Originally, during the Middle Ages, satin was made of silk; consequently it was very expensive, used only by the upper classes.
Satin became famous in Europe during the twelfth century. The name derives its origin from the Chinese port city of Quanzhou, whose name form in (medieval) Arabic was Zayton.
During the latter part of the Middle Ages, it was a major shipping port of silk, using the maritime Silk Road to reach Europe.
Satin is commonly used in apparel: satin baseball jackets, athletic shorts, women's lingerie, nightgowns, blouses and evening gowns, but also in some men's boxer shorts, shirts and neckties.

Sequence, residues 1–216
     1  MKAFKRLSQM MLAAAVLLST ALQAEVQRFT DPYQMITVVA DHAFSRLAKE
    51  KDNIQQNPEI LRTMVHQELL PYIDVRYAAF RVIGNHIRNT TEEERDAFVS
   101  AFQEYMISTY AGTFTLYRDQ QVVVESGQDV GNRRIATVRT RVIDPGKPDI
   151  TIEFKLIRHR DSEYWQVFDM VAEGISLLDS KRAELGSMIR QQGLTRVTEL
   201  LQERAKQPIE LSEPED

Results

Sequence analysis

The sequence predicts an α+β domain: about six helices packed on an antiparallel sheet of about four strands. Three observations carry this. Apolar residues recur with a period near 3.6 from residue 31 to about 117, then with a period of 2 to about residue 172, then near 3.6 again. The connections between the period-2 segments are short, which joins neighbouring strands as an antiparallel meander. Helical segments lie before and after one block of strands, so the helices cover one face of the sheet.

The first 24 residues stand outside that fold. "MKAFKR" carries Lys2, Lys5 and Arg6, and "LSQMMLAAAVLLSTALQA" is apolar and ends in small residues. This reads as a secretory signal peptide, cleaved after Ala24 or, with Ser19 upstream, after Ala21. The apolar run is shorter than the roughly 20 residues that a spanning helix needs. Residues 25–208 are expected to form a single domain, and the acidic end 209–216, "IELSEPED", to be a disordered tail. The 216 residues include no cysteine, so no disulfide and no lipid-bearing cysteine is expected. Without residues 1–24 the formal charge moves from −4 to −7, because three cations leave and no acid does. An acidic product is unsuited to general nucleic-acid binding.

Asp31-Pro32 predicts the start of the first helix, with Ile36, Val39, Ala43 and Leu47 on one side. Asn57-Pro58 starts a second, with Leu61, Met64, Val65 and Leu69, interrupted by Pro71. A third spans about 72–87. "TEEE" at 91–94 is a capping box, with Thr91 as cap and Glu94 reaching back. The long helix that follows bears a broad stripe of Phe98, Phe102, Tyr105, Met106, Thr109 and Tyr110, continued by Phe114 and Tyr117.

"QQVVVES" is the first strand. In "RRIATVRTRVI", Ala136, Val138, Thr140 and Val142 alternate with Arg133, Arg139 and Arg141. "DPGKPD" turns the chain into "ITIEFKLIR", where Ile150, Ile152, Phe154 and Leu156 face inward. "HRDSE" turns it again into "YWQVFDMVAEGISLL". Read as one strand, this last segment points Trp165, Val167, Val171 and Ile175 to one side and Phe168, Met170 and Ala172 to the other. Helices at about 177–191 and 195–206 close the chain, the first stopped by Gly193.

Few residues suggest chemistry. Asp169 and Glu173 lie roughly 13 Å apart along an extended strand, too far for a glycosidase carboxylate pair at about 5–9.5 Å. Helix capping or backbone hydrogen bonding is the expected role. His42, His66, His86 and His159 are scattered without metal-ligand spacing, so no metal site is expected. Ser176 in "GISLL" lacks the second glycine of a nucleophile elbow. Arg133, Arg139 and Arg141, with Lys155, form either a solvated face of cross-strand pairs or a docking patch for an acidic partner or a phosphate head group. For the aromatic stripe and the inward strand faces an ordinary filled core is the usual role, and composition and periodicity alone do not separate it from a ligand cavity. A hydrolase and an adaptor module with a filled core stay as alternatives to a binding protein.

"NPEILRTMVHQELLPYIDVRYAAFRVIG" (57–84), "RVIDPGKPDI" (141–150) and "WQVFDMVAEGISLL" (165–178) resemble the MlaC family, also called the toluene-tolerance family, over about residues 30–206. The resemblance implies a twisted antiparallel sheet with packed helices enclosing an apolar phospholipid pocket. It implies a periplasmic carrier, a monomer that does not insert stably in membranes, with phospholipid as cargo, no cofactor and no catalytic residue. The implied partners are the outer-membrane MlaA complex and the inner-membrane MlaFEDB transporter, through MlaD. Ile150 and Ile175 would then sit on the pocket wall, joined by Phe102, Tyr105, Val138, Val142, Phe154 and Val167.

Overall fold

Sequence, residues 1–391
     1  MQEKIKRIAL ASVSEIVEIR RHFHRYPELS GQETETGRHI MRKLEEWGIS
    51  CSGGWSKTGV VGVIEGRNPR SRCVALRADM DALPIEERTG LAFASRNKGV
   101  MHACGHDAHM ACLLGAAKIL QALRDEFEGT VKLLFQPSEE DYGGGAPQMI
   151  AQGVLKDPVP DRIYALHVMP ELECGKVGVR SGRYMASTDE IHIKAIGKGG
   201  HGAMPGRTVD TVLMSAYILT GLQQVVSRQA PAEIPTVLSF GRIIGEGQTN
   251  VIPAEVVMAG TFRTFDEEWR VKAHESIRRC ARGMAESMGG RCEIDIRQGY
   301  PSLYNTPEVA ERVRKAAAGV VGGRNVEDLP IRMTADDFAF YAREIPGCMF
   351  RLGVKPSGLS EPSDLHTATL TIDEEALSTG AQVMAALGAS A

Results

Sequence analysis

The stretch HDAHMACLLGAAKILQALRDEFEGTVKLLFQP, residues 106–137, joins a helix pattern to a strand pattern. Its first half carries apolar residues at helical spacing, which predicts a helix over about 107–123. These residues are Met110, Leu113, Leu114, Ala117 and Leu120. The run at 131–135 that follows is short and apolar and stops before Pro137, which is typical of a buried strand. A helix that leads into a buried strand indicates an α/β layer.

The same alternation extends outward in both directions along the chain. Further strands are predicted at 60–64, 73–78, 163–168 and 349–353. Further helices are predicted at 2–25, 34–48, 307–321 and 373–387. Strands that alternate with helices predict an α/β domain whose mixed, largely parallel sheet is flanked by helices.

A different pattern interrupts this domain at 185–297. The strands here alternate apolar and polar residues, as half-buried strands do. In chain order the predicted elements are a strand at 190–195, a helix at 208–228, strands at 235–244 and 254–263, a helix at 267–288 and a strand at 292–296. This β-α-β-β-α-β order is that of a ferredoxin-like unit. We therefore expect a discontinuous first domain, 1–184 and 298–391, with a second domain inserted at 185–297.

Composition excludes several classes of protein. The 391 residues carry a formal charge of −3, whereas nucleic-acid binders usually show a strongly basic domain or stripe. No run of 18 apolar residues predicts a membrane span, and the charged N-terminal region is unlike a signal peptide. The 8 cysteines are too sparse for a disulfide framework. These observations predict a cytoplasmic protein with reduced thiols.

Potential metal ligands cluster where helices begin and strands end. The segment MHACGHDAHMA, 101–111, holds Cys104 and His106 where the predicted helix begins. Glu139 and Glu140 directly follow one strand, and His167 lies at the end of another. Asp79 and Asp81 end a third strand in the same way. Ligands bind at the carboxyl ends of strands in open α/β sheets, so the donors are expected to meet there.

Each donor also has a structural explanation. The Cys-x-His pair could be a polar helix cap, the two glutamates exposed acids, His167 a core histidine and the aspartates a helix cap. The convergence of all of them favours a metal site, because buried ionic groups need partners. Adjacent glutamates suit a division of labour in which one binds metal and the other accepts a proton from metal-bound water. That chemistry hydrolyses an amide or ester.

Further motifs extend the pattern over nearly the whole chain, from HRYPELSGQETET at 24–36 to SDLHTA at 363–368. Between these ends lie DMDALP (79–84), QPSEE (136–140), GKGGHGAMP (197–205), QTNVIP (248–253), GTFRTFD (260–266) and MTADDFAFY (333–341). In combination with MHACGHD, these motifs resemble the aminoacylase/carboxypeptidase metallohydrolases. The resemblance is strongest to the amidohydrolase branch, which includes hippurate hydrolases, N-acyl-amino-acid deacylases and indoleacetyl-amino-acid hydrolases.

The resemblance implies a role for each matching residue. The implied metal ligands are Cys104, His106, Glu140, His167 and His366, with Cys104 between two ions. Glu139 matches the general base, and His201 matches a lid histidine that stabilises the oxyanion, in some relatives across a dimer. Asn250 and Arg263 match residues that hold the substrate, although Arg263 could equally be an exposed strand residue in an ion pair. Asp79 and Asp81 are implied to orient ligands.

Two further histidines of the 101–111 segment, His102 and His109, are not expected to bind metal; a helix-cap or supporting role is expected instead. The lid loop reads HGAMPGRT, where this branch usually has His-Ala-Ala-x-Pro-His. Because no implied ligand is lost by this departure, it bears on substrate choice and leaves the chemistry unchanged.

It is also used in the production of pointe shoes for use in ballet.
Other uses include interior furnishing fabrics, upholstery, and bed sheets
Silk is a natural protein fibre, some forms of which can be woven into textiles.
The protein fibre of silk is composed mainly of fibroin and produced by certain insect larvae to form cocoons.
The best-known type of silk is obtained from the cocoons of the larvae of the mulberry silkworm Bombyx mori reared in captivity (sericulture).
The shimmering appearance of silk is due to the triangular prism-like structure of the silk fibre, which allows silk cloth to refract incoming light at different angles, thus producing different colors.